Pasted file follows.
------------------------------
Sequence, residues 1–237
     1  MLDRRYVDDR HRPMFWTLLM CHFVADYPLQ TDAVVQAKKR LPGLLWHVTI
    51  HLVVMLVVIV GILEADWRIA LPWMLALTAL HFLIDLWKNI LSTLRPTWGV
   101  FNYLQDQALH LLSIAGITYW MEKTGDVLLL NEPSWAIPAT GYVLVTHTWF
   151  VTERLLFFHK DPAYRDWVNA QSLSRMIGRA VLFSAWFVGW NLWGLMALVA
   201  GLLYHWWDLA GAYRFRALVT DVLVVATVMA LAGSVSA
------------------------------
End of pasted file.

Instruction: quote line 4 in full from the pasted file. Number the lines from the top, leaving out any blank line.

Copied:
   101  FNYLQDQALH LLSIAGITYW MEKTGDVLLL NEPSWAIPAT GYVLVTHTWF